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Holding Court with Joan Biskupic

Holding Court
Related Links
Justices Uphold Campus Fees (March 23)
FDA Can't Regulate Tobacco, Supreme Court Rules 5 to 4 (March 22)
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Court stories from The Post and the AP

Friday, March 24, 2000; 11 a.m. EST

It's been a big week for the Supreme Court, with decisions both on the FDA and tobacco and student fees in university systems. And the the ever-present debate over the Second Amendment continues to make headlines. When the justices issue their opinions and decide which laws serve America and its citizens, the Supreme Court press corps translates those rulings into understandable language that makes clear the process and the principles to readers. This week, "Holding Court" is based in the press room at the court, and Post Supreme Court reporter Joan Biskupic was joined by one of her fellow scribes, Associated Press reporter Richard Carelli.

Carelli has covered the court for the AP since 1976, making him one of the most senior reporters on the beat, and holds a journalism degree from Ohio University and a law degree from George Washington University. Carelli used to describe Justice Antonin Scalia's on-the-bench style "part Oliver Wendell Holmes, part Henny Youngman." But these days, the analysis is "part Holmes, part David Letterman."

Biskupic has covered the Supreme Court for The Washington Post since 1992. Co-author of the third edition of Congressional Quarterly's encyclopedia on the Supreme Court, she holds a law degree from Georgetown University. Biskupic covered government, politics and legal affairs for CQ's Weekly Report before joining The Post. She answers your questions on the Supreme Court and legal affairs on Fridays at 11 a.m. EST. The transcript follows:


Joan Biskupic and Richard Carelli: Welcome all. We're here at the Court's pressroom, on the ground floor of the marble building. It's a rectangular room, packed tightly with reporters' cubicles. And it was hopping last week. So send in your questions and Dick and I will have a crack at 'em.


washingtonpost.com: Welcome to cyberspace, Dick! Tell us about things at the court this week. On days when decisions are announced, how different is your job from those of the rest of your brethren in the press room? Working for the AP, you need to provide analysis on a rolling deadline – which Joan increasingly does with our PM Extra edition. What's your reporting process, from announcements through last take of your story?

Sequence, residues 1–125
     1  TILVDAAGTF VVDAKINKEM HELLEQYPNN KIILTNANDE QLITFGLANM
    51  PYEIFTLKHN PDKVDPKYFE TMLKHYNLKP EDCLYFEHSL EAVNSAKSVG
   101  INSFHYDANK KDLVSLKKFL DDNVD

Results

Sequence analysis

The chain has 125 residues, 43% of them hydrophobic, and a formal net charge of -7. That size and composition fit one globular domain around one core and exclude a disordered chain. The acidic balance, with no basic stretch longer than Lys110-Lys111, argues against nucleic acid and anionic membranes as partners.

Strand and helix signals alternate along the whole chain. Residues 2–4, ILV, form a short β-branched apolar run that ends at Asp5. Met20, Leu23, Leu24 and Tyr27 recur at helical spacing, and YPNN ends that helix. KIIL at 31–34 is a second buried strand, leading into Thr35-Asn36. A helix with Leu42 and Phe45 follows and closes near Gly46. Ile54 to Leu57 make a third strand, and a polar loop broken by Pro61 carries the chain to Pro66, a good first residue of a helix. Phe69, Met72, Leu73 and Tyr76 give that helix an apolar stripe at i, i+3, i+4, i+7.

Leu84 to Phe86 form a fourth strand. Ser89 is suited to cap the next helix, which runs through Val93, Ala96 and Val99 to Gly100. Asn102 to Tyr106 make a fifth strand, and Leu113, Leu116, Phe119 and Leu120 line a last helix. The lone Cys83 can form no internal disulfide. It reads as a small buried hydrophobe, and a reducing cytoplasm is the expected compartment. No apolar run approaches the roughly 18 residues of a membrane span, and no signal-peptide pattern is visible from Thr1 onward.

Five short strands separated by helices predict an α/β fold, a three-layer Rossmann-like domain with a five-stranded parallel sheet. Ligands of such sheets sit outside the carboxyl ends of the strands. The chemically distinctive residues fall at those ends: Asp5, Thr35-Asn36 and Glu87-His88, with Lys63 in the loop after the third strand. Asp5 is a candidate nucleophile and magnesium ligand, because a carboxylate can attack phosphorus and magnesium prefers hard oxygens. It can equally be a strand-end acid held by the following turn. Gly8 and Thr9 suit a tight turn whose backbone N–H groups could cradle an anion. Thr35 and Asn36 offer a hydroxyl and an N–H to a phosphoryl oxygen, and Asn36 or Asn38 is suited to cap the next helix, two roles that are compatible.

Richard Carelli: The pace of my job places a huge premium on prior preparation. It's easy getting geared up for the court's initial action in a case – that's just a thumbs up or thumbs down on granting review. Things get stickier on decision days, when the court can go in various directions – some of which are pretty hard to predict. One of my bosses has told me I get paid for doing in minutes what lawyers get paid (a whole lot more) for doing in months. It's fun, as long as you don't let the pressure paralyze you.

Joan Biskupic: Even though the Post and some other papers have moved to earlier Web editions, Dick still has the greater pressure of getting a story onto the wires in a few minutes. I have a couple of hours, for our 1 p.m. edition.


Wayland, Mass.: If you could spend an evening with one of the Supreme Court justices for an off-the-record conversation about any matter you desired, who would it be?

Joan Biskupic and Richard Carelli: We love this question. Joan picks the Chief, he's been around longer, seen more... and tends to speak his mind. Dick picks Clarence Thomas, because it would be such a rare opportunity to hear from a guy whose voice is not often heard in the courtroom.


Laurel, Md.: In a chat Wednesday, [Handgun Control, Inc. spokesman] Joe Sudbay stated:

"The Supreme Court has never interpreted the Second Amendment to mean that there is an individual right to keep and bear arms," and "No federal gun-control laws have ever been overturned on the basis of the Second Amendment."

What has the Supreme Court ever ruled about the Second Amendment, and any idea what the current court's attitude might be?

Joan Biskupic and Richard Carelli: The last time the court squarely looked at the Second Amendment was in 1939 – and the justices said it didn't guarantee an individual right to bear arms. Two of the justices, Thomas and Scalia, have suggested they would like to take a new look at the scope of the right.


Chicago, Ill.: The major news media organizations almost never report on the court's denials of particular petitions for writ of certiorari. The Associated Press is the only exception that I know of, but even it mentions very few and provides only a sentence or two when it does. It seems to me that this just exacerbates the effect of the court's phobic secrecy about its decision-making process by ceding to the court virtually complete control over press coverage of the issues brought before it. With all the "down time" that the Supreme Court reporters have during the lengthy and frequent breaks the court now takes each term, why isnít there more coverage of this aspect of the court's role? Why does the news media assume a lack of interest in this by the public, given the increasingly important impact of it now that the court has so significantly decreased the number of cases it hears?

Richard Carelli: A typical "orders" day at the court can generate up to 30 or 40 stories by my partner, Laurie Asseo, and me. Many of those stories never reach our national wire but are relayed to AP bureaus around the country, where editors place them on various state news wires. In past terms, I've clocked our denial-of-review stories at about 300 from October to June. I guess that's not very many when you consider about 7,000 are being denied.